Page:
And don’t try to impress me by telling me that you knew it was St. Stephen’s Day.
I will admit that as an American who loves late night television, I assumed St. Stephen’s Day celebrated the career of Stephen Colbert, the host of The Late Show.
From what I know of Colbert, he would totally name a holiday after himself, get the Pope to sign off on it, and then schedule it right after Christmas so he could catch people when they were in a truly festive mood.
Alas, this holiday has nothing to do with Stephen Colbert.
And no, fellow Mainers, it is not a day in honor of Stephen King.
Who was St. Stephen? Why does he have a holiday? Is there an animated special I can watch to learn the basic plot points of St. Stephen’s Day?
One of the many blessings of having a Sweet Irish Girlfriend, Modern Philosophers, is that I get to learn all sorts of amazing things about life in Ireland and Irish culture.
Plus, I can listen to her adorable accent all the time.
Let me interject here that my girlfriend is a saint. No one else would be able to put up with me like she does, and she should be canonized simply for enduring my Scrooge/Grinch hybrid of a personality on Christmas.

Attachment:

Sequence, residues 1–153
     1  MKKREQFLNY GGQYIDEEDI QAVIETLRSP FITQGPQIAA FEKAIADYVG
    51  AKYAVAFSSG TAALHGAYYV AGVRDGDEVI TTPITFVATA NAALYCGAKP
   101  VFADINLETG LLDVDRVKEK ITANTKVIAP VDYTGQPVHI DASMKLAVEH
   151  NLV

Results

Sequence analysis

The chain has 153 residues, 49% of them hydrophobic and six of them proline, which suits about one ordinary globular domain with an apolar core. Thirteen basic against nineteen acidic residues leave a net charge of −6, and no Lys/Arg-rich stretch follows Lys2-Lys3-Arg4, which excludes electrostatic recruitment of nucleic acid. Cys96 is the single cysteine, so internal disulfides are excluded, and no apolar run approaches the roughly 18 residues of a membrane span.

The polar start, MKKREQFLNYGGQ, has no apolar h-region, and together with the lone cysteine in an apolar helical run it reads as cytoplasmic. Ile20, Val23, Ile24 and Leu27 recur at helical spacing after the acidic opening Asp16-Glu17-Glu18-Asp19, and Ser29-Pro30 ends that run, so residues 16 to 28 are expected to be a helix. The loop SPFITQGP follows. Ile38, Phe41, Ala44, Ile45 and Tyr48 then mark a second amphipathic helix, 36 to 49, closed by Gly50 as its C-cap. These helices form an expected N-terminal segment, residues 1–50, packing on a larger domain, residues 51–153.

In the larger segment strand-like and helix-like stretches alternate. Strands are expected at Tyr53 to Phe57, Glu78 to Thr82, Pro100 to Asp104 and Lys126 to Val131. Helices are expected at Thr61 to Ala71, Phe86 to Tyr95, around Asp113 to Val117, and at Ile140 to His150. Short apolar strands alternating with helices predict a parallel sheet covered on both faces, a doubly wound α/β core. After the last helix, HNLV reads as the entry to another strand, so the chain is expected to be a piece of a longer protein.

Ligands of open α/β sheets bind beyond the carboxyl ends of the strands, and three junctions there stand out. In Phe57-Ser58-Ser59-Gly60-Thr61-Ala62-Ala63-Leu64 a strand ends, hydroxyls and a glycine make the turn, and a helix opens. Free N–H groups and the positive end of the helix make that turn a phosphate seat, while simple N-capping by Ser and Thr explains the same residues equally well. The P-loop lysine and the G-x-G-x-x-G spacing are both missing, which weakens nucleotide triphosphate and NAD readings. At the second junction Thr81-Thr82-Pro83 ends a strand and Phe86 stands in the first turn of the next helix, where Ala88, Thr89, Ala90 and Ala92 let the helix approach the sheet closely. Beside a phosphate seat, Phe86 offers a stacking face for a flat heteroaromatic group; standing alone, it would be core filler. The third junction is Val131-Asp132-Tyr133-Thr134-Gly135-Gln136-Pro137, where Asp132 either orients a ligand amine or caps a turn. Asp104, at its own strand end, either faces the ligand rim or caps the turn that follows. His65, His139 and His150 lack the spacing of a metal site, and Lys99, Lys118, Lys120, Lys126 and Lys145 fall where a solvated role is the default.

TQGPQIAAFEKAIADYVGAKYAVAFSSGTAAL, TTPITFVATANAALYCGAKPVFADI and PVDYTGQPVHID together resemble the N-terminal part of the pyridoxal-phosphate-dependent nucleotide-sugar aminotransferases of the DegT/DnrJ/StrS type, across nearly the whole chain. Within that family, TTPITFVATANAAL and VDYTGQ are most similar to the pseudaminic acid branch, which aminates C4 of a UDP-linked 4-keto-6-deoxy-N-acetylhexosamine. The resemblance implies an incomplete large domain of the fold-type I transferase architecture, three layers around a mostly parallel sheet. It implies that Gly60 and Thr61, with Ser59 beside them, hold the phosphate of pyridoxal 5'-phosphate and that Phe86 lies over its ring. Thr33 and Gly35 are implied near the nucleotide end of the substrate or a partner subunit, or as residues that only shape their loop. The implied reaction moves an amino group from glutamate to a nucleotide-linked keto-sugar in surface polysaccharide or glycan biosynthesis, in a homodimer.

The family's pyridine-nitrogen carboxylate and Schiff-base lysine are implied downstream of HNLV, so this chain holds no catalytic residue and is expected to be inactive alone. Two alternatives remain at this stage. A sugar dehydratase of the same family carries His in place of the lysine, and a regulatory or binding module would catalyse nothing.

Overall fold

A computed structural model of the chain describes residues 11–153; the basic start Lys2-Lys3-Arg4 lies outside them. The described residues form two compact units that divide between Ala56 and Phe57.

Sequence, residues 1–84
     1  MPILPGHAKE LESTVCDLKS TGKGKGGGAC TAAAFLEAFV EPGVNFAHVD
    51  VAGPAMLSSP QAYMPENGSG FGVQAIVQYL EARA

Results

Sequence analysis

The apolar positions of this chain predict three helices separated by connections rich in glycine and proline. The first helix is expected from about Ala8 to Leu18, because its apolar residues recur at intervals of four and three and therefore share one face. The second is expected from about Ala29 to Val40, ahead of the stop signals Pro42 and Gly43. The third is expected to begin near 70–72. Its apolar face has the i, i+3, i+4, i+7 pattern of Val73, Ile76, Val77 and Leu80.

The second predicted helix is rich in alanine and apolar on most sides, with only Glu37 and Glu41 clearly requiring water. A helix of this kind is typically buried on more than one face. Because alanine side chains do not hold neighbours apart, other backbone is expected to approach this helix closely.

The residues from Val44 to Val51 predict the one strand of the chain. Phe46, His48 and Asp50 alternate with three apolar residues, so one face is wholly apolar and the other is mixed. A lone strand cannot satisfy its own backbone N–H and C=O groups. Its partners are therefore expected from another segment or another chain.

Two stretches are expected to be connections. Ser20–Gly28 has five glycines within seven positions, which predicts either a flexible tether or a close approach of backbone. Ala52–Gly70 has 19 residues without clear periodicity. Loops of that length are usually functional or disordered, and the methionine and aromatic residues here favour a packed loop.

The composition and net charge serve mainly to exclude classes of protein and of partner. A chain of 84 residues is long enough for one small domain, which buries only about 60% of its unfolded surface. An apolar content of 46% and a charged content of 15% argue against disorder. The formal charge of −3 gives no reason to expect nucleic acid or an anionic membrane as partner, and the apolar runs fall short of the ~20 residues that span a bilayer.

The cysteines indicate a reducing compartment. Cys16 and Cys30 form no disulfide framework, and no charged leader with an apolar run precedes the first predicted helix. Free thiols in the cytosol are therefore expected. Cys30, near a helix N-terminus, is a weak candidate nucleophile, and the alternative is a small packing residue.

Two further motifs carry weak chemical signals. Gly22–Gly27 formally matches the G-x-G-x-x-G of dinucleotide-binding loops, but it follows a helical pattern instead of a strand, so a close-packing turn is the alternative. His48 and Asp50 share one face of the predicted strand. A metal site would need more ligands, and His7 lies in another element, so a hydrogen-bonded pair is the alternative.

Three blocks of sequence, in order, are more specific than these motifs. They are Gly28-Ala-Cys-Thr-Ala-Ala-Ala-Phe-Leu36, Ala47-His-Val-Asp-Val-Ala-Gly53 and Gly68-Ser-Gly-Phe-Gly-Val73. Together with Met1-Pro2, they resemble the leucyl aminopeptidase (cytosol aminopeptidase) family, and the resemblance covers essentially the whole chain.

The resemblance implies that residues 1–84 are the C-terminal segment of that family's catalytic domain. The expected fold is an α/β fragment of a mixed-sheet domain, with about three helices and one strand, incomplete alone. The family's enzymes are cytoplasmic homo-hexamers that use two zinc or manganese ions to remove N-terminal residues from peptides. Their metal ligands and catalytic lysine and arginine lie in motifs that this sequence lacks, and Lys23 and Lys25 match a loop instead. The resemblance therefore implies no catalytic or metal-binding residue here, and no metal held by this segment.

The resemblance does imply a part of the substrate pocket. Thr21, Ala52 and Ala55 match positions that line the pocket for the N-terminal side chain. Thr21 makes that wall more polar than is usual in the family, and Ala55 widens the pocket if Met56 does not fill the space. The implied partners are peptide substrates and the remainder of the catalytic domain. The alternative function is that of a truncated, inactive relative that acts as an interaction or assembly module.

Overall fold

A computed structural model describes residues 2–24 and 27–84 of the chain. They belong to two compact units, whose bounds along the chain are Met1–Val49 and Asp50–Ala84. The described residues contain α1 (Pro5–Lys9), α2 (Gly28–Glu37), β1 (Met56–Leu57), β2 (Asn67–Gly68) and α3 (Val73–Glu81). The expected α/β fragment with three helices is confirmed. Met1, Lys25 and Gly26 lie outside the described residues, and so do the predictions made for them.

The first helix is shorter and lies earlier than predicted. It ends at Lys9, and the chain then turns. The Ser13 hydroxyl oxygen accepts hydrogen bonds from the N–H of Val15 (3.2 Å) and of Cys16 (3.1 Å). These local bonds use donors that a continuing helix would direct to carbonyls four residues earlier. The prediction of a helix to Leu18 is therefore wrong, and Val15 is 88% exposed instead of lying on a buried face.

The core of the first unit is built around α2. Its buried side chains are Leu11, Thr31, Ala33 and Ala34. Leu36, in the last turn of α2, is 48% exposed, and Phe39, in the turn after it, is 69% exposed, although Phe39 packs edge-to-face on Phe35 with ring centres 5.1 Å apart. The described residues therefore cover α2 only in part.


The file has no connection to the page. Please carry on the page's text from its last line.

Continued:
Perhaps if she ever decided to reveal her name, My Sweet Irish Girlfriend could one day have a holiday named in her honor.
St. Stephen’s Day is a big time holiday in Ireland. According to my Sweetheart, people eat and drink in large quantities to celebrate. That led to my Tweeting the following…
I asked her who St. Stephen was, and what he did to make him so popular in Ireland that his day is a national holiday.
Her reply caught me off guard.
She didn’t know.
My guess is that she once knew, but all those years of drinking and eating to excess to celebrate St. Stephen’s Day made her forget.
I had to know who St. Stephen was and why his day caused the Irish to party.
So I put my interns to work researching the matter!
According to the interwebs, St. Stephen was the first Catholic martyr. For some reason, the Irish celebrate his life by dressing up as freakish looking scarecrows, and kids go door to door with dead wrens, selling the feathers for good luck.
No wonder the Irish ply themselves with food and drink on St. Stephen’s Day. They need to forget the horrors that they see every December 26th!
It sounds much more promising than Boxing Day, which I tried to celebrate two years ago. I ended up going 5-1 in my boxing matches that day, but since I lost the last match of Boxing Day by a controversial split decision, I vowed to never celebrate the holiday again.
Let’s see how St. Stephen’s Day goes. I’m not sure where to find a wren at the last minute, but I have some hay and straw in the garage from the time I reseeded my front lawn. I should be able to whip up a freaky scarecrow costume pretty quickly.
Happy St. Stephen’s Day. I’ll be sure to let you know how my celebration goes!
If you want to buy a lucky wren feather, just let me know in the comments section…